So you need to design a sign? Personal preference will go a long way when designing your sign, but there are also some things to consider that can improve the effectiveness of your sign design. This article will provide some sign design tips and touch on some common concerns that may not be obvious. Your sign probably has only a few seconds with its audience, so make them count!
Chances are you want your sign to convey a message (Coming Soon, Now Open, For Sale, etc.). One big concern in getting that message across is legibility. If the target audience can’t read it, your message will be lost. Prioritize your letter height according to message importance. Make the more important elements largest and the less important details smaller. You should also make sure your text height can be read at the intended viewing distance. The letter visibility chart below shows common letter heights with corresponding viewing distance.
Another factor that impacts legibility is color contrast. Making sure your text can be read against the background color is another key component to an effective sign. Some background colors can be too dark and others can be too similar in value to the text. Extreme dark against extreme light work best (think black and white). You want your message to pop! Refer to the color contrast chart for some common color relationships.
The typeface chosen for your sign is very important. You want something that gets the viewers attention and allows for an easy read. Many signs only have a few seconds of viewing before the viewer drives or walks away. That means careful planning on your part for maximum impact. Limit your typeface usage to one or two with a maximum of three. Good sign design doesn’t require a bunch of fonts and in reality, juggling a large number of typefaces successfully is quite difficult. Your sign should have some type of “display/decorative” typeface that will grab the viewers attention and then a “body” typeface that will allow the message to be easily read. Refer to the typeface selection graphic for more detail. Fonts with decorative elements (serifs, script, graphic elements, etc.) tend to be harder to read. Save those to grab attention and choose a more simple font (sans serif) for the major message. Choose a typeface that has multiple versions of itself (light, regular, bold, black, condensed, italic, etc.) so you can make your sign interesting without making it gaudy or hard to read.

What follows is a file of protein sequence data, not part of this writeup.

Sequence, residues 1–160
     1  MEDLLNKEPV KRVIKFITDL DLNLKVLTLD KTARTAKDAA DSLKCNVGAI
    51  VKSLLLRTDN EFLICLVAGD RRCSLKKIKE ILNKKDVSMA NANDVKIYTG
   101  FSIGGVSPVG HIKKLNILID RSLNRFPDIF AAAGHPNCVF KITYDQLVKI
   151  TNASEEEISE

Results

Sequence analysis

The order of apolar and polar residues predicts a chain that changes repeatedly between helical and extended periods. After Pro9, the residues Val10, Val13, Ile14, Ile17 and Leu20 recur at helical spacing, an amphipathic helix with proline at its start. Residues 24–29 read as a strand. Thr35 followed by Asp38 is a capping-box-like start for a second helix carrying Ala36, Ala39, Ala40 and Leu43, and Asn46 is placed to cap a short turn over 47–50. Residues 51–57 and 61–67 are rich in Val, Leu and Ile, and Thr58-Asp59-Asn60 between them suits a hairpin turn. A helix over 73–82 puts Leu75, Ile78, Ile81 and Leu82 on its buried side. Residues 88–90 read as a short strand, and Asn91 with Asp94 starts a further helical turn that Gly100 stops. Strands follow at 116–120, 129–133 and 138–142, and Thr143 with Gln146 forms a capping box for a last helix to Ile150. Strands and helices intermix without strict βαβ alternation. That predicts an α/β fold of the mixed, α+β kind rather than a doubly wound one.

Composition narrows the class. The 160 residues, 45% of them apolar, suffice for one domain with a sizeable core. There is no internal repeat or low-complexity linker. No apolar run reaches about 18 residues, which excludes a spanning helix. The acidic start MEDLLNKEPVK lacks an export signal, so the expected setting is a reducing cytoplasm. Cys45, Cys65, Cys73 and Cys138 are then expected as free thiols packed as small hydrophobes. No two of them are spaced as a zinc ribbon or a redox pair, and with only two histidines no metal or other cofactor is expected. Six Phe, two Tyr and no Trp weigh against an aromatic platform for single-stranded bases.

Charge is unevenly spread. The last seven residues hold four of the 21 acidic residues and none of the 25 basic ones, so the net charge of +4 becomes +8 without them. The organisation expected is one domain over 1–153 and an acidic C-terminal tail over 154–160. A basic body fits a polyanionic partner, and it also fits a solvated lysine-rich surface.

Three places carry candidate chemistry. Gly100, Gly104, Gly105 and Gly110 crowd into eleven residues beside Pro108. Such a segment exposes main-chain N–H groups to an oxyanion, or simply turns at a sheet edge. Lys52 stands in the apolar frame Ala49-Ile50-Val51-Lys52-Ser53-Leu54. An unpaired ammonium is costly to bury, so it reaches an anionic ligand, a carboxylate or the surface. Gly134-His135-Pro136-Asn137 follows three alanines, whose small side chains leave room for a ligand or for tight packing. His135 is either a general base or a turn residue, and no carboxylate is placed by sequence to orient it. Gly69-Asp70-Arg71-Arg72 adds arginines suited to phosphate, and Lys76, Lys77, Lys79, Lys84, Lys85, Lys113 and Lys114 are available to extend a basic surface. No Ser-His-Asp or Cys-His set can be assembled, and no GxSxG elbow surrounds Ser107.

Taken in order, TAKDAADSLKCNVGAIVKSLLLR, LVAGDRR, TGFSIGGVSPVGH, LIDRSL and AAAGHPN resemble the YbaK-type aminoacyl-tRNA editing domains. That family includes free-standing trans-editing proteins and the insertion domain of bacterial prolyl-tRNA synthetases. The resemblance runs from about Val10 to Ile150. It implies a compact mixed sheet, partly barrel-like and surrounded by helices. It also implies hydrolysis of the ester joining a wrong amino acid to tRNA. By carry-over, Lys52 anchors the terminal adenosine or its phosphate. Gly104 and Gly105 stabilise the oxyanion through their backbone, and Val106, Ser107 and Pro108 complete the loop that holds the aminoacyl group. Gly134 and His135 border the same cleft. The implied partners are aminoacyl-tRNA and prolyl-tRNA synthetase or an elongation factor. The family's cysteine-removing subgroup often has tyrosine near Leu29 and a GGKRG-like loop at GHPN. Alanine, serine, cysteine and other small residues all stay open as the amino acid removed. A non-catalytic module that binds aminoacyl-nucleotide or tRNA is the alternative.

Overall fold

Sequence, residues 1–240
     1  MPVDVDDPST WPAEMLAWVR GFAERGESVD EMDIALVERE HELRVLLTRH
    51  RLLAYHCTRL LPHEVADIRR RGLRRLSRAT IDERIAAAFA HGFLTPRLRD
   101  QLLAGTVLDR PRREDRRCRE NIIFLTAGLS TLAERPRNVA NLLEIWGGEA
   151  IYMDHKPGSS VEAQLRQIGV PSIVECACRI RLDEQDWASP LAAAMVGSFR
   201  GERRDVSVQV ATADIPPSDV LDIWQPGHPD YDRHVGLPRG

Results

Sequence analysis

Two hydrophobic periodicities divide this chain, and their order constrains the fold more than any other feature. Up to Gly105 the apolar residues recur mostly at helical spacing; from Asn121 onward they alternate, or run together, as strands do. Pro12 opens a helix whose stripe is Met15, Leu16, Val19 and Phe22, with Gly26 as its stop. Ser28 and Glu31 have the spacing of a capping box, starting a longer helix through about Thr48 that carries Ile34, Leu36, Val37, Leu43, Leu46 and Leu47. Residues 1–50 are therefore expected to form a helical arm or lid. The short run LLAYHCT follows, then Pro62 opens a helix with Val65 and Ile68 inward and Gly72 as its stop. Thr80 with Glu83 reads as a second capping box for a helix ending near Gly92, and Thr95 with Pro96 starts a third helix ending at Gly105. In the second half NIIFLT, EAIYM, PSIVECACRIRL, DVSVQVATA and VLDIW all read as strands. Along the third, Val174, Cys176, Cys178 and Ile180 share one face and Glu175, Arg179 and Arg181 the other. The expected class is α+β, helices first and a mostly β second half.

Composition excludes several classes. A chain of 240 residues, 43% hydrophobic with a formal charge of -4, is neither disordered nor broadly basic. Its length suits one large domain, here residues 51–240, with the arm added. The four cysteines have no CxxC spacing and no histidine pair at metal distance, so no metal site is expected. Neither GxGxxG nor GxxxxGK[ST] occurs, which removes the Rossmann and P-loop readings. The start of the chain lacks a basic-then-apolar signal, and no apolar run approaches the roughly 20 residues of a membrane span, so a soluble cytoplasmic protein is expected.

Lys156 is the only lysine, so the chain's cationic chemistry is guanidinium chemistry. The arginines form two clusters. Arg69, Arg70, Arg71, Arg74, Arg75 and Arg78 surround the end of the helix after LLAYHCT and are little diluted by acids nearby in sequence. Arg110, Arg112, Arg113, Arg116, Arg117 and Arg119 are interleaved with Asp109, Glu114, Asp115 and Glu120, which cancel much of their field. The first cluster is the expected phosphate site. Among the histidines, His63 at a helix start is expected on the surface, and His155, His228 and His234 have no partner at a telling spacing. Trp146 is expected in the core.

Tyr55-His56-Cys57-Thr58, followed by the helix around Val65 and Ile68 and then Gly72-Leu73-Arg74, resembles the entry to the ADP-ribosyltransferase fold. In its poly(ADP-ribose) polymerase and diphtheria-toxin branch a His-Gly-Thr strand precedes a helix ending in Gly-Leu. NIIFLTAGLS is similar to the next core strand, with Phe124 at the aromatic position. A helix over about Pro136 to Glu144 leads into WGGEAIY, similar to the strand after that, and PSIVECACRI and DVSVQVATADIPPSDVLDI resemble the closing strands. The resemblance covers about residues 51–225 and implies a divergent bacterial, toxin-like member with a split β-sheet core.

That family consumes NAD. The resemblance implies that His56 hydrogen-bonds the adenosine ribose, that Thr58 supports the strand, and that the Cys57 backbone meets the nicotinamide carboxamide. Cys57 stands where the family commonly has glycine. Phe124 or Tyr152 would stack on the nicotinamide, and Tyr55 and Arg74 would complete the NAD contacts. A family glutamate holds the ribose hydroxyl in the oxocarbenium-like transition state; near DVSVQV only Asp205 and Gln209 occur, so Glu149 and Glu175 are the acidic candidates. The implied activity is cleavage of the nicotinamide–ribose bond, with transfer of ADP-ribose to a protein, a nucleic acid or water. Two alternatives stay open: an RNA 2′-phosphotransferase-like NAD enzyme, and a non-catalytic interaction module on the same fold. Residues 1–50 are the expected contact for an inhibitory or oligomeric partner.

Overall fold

Your message will likely represent the positive space on the sign while the background will be the negative space. Take care to leave some negative space, the air around your message, so the text can “breathe.” Stretching text to the outermost points on your sign will increase letter height, but will also choke the negative space; this will lower the visibility factor significantly.
Color emotion? This one may be a little more subtle than the other concerns, but it does have some value. Colors often have emotional traits that can impact your audience in a positive or negative way. Refer to the color emotion chart to see some common emotional reactions to color.
Are you starting to feel more comfortable with sign design? Hopefully this article has you pointed in the right direction. As always, SignsWorldWide is ready to assist with free sign design if you run into trouble!